One company adds an extra $1.5 billion annually to its coffers from its cute couture. Another’s entire raison d’etre is a celebration of cute to the tune of $43.76 billion last year. And the third’s newest hot line, the epitome of cute, has endeared itself to legions of young women with double digit sales growth quarter after quarter.
A study published in the Journal of Consumer Culture examined the cultural implications of cuteness, from the Japanese culture of kawaii (think Hello Kitty and big eyed anime) to Western perceptions of cute and its relation to retail. Lead researcher Elad Granot’s curiosity over the prevalence of the word “cute” as used by females in retail situations prompted the study.
Several companies “get” cute and their stocks are winning from winsome. The “cutest” are L Brands Inc (NYSE:LTD), best known for Victoria’s Secret, The Walt Disney Company (NYSE:DIS), and Mattel, Inc. (NASDAQ:MAT). As Natalie Anger wrote in a New York Times article, “Whatever needs pitching, cute can help.”
The study singles out L Brands Inc (NYSE:LTD)’ PINK as a successful leveraging of cute. PINK is sold in Victoria’s Secret stores and online. The line of underwear, hoodies, sweats, and accessories is aimed at college age women featuring bright colors, cute designs, and soft fleecy fabrics. PINK adds $1.5 billion annually to L Brands Inc (NYSE:LTD)’ revenues. The company expects to double that number within a few short years.
Their appeal lies in the youthful design at the intersection of flirtatious and cute. It is non-threatening yet still trendy, not so overtly sexual as Victoria’s Secret lingerie.
My college student daughter and her friends love the line. Every time we stop in Victoria’s Secret it’s filled with young women in the PINK section chiming, “Sooo cute!” The line started in 2004 is now so successful they have earned their own freestanding stores…and the sincerest form of flattery, imitation by Urban Outfitters, Inc. (NASDAQ:URBN), American Eagle Outfitters, and Hot Topic with their own young, cute lines of lingerie.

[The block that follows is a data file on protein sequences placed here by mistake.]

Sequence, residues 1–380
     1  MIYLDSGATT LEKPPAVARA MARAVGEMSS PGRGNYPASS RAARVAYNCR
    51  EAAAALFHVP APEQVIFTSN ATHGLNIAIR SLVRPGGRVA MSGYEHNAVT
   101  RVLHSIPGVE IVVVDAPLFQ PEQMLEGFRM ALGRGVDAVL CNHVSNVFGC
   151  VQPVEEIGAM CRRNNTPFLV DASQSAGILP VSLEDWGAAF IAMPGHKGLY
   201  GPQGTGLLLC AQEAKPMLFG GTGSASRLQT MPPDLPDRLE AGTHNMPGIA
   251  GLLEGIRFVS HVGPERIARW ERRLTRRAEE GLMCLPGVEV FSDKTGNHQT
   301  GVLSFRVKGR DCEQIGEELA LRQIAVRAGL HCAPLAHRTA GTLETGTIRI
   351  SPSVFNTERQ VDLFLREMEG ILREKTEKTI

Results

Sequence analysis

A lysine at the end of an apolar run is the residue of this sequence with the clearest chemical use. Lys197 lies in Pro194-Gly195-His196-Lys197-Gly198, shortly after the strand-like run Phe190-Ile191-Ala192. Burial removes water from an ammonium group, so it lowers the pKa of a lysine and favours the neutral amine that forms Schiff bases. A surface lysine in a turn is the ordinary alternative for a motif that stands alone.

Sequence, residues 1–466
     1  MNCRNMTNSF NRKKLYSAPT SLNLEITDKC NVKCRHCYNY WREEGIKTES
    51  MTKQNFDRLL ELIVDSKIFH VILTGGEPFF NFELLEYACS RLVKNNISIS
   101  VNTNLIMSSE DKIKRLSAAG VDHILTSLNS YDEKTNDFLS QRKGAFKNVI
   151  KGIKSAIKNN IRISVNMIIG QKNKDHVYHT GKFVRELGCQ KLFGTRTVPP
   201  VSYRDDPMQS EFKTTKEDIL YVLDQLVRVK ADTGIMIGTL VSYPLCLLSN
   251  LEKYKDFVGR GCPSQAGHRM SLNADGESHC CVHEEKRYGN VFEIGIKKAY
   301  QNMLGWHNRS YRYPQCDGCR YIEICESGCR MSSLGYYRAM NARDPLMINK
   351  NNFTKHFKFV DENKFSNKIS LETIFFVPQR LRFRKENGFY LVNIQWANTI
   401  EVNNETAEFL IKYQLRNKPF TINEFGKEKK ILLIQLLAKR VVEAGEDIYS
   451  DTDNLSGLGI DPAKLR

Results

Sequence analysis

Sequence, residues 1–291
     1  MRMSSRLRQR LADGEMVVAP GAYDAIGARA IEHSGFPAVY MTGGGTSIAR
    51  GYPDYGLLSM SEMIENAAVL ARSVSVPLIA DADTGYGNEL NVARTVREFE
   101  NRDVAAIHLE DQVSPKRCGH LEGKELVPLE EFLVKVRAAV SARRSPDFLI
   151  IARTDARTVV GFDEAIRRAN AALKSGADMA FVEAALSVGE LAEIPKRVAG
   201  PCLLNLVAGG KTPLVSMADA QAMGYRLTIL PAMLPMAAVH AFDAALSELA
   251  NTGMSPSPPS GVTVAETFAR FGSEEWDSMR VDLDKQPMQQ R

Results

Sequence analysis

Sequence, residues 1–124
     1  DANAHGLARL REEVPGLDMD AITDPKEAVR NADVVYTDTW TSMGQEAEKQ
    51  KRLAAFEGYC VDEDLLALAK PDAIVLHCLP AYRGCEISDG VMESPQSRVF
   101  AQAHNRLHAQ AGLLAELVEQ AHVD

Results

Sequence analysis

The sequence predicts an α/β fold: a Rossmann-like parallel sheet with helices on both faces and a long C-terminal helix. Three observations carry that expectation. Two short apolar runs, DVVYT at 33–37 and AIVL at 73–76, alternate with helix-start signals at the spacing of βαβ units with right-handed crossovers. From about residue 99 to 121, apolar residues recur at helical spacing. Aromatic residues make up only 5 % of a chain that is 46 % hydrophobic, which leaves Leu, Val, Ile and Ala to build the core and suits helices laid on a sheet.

L Brands Inc (NYSE:LTD) trades at a 19.44 trailing P/E with a 2.4% yield. The company reported in May that Q1 earnings rose 17% from Q1 2012. It has a strong insider hold at 18% with founder and CEO Leslie Wexner holding over 17 million shares.
The awwwww factor
The Walt Disney Company (NYSE:DIS) is the premier commercializer of cute; even its documentary March of the Penguins cashed in on cuteness. Disney cartoon characters have front facing big eyes like babies, adorably infantilized. Who else but Disney could make us love a rat like in Ratatouille? This has made Disney the biggest branding company in the world, licensing thousands of products.
The Walt Disney Company (NYSE:DIS) has been an outperforming stock as investors realize for the price of the media division (the films, the Disney network shows, ESPN, ABC) you’re getting the resorts and the licensing for free.
Disney is one of the world’s most recognizable brands. One reason is that cuteness is also associated with freedom from anxiety, which the study likened to emotional carbohydrates or comfort food, dependably untroubling. There’s a reason they call Disney resorts the “happiest places on Earth.”
The Walt Disney Company (NYSE:DIS)’s earnings have been untroubled for the last few years after recessionary worries receded and people flowed back into the parks and onto the cruise ships, went to the movies, and bought Disney “stuff.” Since the lows of the recession the stock has tripled and shareholders have enjoyed double-digit EPS growth since.
At the March shareholder meeting CEO Bob Iger said, “In Fiscal 2012, we increased revenue by 3% to a record $42 billion, which led to a record $5.7 billion in net income, up 18% over the year before. And our earnings per share were up 24%, setting a new record of $3.13.” However, The Walt Disney Company (NYSE:DIS)’s trailing P/E at 19.33 and 1.20% yield aren’t as cute as they used to be as the stock has moved up 35% in the last year.